August 15, 2009 - November 29, 2009
Marcel Duchamp’s enigmatic assemblage Étant donnés: 1. La chute d’eau, 2. Le gaz d’éclairage (Given: 1. The Waterfall, 2. The Illuminating Gas) has been described by the artist Jasper Johns as “the strangest work of art in any museum.” Permanently installed at the Museum since 1969, this three-dimensional environmental tableau offers an unforgettable and untranslatable experience to those who peer through the two small holes in the solid wooden door.
June 7, 2009 - November 22, 2009
*Location: Venice, ItalyBruce Nauman: Topological Gardens is the official United States representation for the 53rd International Art Exhibition—La Biennale di Venezia. A three-part presentation in Venice, Italy, Topological Gardens exhibits works by Bruce Nauman in the U.S. Pavilion of the Biennale’s Giardini, as well as in spaces located on the premises of two of the most highly esteemed academic institutions in the city.
December 20, 2008 - November 15, 2009
The masterpieces in this exhibition encompass nearly a millennium of art from across the Himalayan region (centered on Tibet and Nepal) and from neighboring areas under its cultural influence.
June 6, 2009 - November 12, 2009
Icons of modernity and testaments to human achievement, skyscrapers rose to towering heights in major cities across the United States during the early decades of the twentieth century. More than fifty prints, drawings, and photographs chosen from the Museum’s collection demonstrate the many ways artists chose to portray the new giants in their landscape.
August 15, 2009 - November 7, 2009
This exhibition features several manuscript collections and institutional records that support research on Marcel Duchamp.
April 11, 2009 - November 1, 2009
The glamorous and cutting-edge fashions created in Paris have always inspired American dress. This exhibition explores the American experience abroad between 1850 and 1925. Such luxurious designs as the House of Worth and the classic elegance of Lanvin are being paired with American fashions based on these Parisian prototypes.
December 13, 2008 - October 25, 2009
Including 42 works total, 35 paintings and 7 sculptures, from the Museum’s collection and local private collections, this year-long installation celebrates the French Riviera’s mythic allure for modern artists.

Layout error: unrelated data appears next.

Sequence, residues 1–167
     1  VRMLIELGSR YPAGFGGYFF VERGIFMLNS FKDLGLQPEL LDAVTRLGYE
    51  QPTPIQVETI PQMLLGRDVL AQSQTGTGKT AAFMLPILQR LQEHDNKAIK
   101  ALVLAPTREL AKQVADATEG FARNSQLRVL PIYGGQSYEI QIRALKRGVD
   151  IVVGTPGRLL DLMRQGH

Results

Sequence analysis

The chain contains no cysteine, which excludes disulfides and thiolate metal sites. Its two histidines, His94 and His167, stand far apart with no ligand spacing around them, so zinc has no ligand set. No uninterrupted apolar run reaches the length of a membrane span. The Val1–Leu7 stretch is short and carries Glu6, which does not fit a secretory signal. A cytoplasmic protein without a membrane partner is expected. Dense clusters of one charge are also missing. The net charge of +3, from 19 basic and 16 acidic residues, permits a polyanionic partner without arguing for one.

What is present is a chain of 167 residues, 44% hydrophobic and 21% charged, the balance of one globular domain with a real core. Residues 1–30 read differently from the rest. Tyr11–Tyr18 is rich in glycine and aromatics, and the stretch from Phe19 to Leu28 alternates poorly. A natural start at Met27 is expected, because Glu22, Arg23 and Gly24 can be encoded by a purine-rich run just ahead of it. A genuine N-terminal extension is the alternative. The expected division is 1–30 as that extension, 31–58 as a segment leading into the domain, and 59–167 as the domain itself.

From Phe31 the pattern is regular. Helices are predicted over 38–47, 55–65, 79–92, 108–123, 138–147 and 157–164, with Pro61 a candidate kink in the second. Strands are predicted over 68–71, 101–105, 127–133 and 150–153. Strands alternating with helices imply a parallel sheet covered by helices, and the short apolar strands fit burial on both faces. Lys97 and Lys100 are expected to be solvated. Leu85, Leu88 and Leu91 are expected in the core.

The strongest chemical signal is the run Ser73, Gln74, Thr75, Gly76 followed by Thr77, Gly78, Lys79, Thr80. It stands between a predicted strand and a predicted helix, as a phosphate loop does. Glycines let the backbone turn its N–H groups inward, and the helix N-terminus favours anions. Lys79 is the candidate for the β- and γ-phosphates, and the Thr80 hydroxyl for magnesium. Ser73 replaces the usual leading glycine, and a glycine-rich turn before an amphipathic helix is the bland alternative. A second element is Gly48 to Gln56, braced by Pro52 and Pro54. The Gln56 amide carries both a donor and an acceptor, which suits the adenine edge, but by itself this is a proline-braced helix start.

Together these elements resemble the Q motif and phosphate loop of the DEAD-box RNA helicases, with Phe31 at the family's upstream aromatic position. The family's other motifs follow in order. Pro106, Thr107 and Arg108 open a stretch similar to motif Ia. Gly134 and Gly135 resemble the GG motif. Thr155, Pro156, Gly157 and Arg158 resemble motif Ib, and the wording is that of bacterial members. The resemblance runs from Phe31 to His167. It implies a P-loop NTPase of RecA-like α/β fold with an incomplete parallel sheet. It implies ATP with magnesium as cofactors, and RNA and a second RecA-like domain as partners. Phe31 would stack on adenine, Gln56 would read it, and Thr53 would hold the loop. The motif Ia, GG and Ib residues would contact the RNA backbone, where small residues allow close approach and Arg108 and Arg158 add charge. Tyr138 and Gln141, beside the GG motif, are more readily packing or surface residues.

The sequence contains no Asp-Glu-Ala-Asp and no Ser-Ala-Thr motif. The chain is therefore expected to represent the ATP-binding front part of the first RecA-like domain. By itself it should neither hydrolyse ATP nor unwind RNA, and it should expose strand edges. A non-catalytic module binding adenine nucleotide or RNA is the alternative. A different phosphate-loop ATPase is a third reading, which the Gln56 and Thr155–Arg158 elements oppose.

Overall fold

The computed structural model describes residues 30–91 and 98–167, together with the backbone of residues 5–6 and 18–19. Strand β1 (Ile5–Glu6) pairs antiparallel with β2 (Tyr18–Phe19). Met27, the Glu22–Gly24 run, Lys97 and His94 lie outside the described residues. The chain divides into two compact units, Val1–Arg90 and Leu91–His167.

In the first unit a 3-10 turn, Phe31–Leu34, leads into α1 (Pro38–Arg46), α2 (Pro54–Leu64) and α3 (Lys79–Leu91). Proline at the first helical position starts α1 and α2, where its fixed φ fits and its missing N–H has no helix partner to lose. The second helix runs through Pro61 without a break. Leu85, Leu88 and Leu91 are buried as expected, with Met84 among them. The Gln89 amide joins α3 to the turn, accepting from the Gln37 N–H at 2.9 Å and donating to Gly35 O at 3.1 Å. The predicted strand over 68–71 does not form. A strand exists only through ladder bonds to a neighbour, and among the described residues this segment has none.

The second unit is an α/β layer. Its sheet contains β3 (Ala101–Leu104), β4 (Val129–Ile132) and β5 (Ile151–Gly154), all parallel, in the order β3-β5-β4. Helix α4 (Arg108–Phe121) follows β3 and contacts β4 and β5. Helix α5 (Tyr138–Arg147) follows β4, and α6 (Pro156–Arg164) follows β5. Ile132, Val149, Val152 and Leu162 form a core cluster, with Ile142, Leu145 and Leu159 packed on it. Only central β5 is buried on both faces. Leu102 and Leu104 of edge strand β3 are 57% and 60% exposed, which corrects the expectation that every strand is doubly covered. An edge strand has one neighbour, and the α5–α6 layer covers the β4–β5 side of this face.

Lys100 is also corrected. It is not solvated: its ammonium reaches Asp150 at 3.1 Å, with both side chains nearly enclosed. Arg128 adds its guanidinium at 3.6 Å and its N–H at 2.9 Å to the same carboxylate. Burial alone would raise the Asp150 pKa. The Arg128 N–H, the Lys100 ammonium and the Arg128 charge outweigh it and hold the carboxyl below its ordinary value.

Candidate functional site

November 21, 2008 - October 25, 2009
Arguably the last decade of the twentieth century started in 1989, with the fall of the Berlin Wall, and ended twelve years later, with the horrific attacks of September 2001. That extended decade witnessed some of the most profound and lasting transformation in society since the postwar period. This presentation of works from the Museum’s collection exemplifies the vast range of artistic practices during this time of profound transition, bringing together a diverse group of artists working in a variety of media
May 16, 2009 - September 20, 2009
This installation of twenty-three chairs is selected from an important group given to the Museum in 2007 by Jeanne Rymer, a retired professor and head of the Interior Design Program at the University of Delaware.
May 16, 2009 - September 20, 2009
This exhibition, drawn primarily from the Museum’s modern and contemporary design collection, features some thirty objects dating from the mid-1960s to the present.
July 12, 2009 - September 13, 2009
Drawn from the collection of Charles K. Williams II, a distinguished archaeologist and Director Emeritus of the Corinth Excavations of the American School of Classical Studies at Athens, this exhibition includes approximately 100 paintings, sculptures, watercolors, and drawings from the early decades of the 20th century.
December 6, 2008 - September 13, 2009
This exhibition offers one of the first surveys of Japanese crafts in all their rich diversity of media and techniques through the entire 20th century, from Japan’s first forays on to the international stage of World’s Fairs to the heady internationalism of the 1920’s and 1930’s, to the dynamic creativity of the post-WW II period and to the present.